Response to Ten Plus Cosmological Problems
Posed by the Meta Research Foundation
By R. Rydin
For a recent chat discussion ( Meta Research Bulletin, Volume 6, Number 4, December 15, 1997), Meta prepared a list of the leading problems faced by the Big Bang in its struggle for viability as a theory. The list was updated by about twenty more points in Volume 11, Number 1, March 15, 2002. Their original ten questions, plus a selected few from the new list and then the remaining questions, are numbered. My answers are italicized:
1) Static universe models fit the data better than expanding universe models.
I don't believe in either the static or dynamic mass expansion models. I think that the Big Bang event was a spherical wave of matter creation, and that the universe will eventually collapse to begin a new wave.
2) The microwave "background" makes more sense as the limiting temperature of space heated by starlight than as the remnant of a fireball.
The production of the CMB only requires a cooling of a hot plasma over a long period of time. The conventional model made all the matter at the "origin" in a few minutes at the beginning, and then the matter cooled as it expanded. My Big Wave model makes matter in a moving plasma wave front that locally stays ignited for a few minutes before it starts to cool. All of space was at one time covered by plasma. The wave is now very far away, at more than 30 billion light years from Earth.
3) Element abundance predictions using the Big Bang require too many adjustable parameters to make them work.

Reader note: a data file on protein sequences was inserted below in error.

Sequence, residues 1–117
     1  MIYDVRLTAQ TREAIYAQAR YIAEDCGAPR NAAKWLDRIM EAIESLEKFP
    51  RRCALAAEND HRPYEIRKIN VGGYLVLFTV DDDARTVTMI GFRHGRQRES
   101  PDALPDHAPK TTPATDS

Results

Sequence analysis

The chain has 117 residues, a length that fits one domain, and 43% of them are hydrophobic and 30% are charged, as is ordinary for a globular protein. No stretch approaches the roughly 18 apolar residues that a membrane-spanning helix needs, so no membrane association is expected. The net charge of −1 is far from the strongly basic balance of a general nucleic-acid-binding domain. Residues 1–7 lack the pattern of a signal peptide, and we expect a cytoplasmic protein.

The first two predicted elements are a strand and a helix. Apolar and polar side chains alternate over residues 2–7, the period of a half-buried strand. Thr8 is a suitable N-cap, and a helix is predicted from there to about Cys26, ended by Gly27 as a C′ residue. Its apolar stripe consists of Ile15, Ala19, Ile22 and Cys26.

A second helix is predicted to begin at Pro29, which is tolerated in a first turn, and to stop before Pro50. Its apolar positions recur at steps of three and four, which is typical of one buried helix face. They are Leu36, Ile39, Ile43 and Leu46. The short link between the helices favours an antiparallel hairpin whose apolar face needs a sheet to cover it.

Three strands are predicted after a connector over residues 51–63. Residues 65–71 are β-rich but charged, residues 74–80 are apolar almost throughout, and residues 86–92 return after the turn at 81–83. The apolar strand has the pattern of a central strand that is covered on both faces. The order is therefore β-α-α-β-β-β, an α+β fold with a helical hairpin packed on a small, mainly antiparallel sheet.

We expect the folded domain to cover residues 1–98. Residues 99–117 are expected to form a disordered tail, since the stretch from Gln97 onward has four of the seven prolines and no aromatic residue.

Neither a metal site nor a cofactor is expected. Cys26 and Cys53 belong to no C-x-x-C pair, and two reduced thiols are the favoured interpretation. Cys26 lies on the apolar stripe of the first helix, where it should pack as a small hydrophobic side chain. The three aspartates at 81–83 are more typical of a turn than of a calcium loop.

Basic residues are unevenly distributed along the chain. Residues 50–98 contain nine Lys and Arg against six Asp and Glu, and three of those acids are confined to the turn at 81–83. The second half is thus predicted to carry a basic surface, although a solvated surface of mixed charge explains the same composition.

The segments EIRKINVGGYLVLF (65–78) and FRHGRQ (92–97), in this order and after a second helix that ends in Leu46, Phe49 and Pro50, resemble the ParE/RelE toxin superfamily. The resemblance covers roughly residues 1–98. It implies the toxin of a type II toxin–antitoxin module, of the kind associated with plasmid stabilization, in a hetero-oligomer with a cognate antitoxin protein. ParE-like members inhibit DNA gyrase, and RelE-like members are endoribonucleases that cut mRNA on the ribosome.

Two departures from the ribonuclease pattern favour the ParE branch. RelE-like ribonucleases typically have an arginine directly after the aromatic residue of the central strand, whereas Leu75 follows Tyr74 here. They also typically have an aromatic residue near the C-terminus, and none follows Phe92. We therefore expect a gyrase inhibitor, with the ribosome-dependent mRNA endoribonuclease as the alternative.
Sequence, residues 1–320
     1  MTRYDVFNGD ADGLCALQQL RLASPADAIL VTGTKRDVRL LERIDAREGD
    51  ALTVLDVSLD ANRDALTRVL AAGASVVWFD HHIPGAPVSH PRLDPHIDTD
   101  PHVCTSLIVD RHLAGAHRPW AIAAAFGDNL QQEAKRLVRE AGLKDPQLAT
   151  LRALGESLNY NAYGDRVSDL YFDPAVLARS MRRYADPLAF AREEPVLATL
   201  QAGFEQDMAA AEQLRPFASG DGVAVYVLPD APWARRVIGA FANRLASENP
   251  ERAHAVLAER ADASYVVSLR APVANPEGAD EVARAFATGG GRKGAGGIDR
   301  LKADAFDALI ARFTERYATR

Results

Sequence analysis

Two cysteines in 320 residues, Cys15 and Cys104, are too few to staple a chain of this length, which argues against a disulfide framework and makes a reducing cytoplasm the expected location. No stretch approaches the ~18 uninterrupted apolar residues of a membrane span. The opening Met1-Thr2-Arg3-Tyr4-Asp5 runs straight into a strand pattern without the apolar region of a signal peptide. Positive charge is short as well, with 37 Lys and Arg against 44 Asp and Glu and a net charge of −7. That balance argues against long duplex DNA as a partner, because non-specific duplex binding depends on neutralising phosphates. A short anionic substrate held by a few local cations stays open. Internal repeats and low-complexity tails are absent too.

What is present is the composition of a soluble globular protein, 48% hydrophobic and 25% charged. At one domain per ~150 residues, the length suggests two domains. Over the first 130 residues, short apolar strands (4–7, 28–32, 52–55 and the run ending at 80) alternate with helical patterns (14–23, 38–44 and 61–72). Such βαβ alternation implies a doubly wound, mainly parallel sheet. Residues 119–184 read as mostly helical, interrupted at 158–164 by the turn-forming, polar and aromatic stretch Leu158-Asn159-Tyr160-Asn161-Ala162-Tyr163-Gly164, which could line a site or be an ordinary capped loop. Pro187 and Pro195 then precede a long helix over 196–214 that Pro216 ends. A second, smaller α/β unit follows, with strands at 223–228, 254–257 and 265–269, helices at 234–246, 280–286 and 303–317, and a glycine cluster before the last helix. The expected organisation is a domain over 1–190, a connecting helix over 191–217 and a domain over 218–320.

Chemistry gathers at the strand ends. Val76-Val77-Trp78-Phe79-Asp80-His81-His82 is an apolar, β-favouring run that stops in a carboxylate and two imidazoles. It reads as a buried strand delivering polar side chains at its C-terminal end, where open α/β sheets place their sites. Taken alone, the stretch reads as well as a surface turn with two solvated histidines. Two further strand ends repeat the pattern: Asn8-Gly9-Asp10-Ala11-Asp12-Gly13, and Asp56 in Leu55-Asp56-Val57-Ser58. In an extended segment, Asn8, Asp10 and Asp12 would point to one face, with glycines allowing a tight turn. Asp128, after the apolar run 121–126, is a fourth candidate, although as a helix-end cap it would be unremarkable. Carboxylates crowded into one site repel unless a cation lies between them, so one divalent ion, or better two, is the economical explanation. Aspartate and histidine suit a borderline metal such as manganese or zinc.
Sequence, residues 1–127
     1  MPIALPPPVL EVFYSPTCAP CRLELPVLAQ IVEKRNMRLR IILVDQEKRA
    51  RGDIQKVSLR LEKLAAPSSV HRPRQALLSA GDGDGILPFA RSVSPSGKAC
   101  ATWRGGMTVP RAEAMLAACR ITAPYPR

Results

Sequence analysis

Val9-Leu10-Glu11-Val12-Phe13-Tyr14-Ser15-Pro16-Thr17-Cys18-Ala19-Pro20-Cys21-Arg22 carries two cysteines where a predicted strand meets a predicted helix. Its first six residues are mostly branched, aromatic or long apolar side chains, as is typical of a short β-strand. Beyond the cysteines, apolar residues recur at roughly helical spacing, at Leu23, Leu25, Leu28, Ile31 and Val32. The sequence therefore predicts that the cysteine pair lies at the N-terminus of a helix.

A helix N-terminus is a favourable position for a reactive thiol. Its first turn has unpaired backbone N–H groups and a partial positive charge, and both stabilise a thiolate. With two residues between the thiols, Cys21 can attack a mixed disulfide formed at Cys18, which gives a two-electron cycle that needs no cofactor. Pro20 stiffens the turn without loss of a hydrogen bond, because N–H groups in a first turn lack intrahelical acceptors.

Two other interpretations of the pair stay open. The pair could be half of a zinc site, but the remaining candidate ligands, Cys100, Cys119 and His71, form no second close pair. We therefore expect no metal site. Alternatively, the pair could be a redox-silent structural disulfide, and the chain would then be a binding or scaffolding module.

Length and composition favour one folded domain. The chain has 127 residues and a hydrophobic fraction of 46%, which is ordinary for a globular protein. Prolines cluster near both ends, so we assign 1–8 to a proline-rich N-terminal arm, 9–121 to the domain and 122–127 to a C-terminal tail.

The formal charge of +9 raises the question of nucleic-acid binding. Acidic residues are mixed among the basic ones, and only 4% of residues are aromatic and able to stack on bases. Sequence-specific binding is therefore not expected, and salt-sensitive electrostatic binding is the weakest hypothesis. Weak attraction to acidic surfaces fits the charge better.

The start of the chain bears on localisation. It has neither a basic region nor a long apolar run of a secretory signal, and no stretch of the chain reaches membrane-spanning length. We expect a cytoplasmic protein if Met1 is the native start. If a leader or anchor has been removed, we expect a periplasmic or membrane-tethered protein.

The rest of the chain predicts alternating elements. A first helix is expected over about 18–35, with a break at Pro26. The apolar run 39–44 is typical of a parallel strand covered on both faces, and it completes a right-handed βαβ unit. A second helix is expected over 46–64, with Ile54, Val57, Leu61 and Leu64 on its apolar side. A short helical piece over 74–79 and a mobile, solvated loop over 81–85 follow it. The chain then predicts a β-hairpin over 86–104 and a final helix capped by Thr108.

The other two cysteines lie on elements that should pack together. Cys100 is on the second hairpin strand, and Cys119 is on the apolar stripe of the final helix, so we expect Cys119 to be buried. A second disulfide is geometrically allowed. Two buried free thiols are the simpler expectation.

The elemental predictions that I see in Lawrence Krauss' book, Quintessence, depend on having an initial hot plasma at a given value of Omega. If General Relativity is not the governing equation, and density in the universe is not constant, then variations with Omega are meaningless. Then, its a matter of how a moving hot plasma behaves as to what percentages of light elements are produced.
4) The universe has too much large scale structure (interspersed "walls" and voids) to form in a time as short as 10-20 billion years.
Agreed. My model says that the universe is much more than twice as old as we think. It took 15 billion years for the wave to get to the visible edge and another 15 billion years for the light to return to us. Large scale structure is due to pre-existing black holes from the previous universe which act as seeds of galaxies, and is also due to the fact that the correlated wave produced a damped sinusoid-squared of matter creation. The peaks correspond to walls, and the valleys correspond to voids.
5) The average luminosity of quasars must decrease with time in just the right way so that their mean apparent brightness is the same at all redshifts, which is exceedingly unlikely.
We (Bly and I) think that quasars were formed of hydrogen and helium gas gravitationally trapped by fast moving pre-existing black holes. They are powered and stabilized by a neutrino-induced fission reaction on the protons. Gravity slowly brings the mass together to go critical, producing power and making heat, and the thermal expansion shuts off the reaction. So the quasar stays large and produces slow power pulses, and this process prevents star formation. This is like the prehistoric Oklo nuclear reactor in Gabon, which operated for 100,000 years until it ran out of natural U-235 fuel.
6) The ages of globular clusters appear older than the universe.
Globular clusters are probably older than 15 billion years! They are related to pre-existing black holes, and are not inconsistent with the age of 30 billion plus years in my model.
7) The local streaming motions of galaxies are too high for a finite universe that is supposed to be everywhere uniform.
The new model does not assume uniformity, but rather gives a damped sinusoid-squared distribution of mass. I match the NS deep redshift data out to 5 billion LY in both directions with a jo-squared spherical Bessel function times an exponential attenuation of the wave as matter precipitates out. These local variations in mass lead to local streaming caused by gravitational attraction.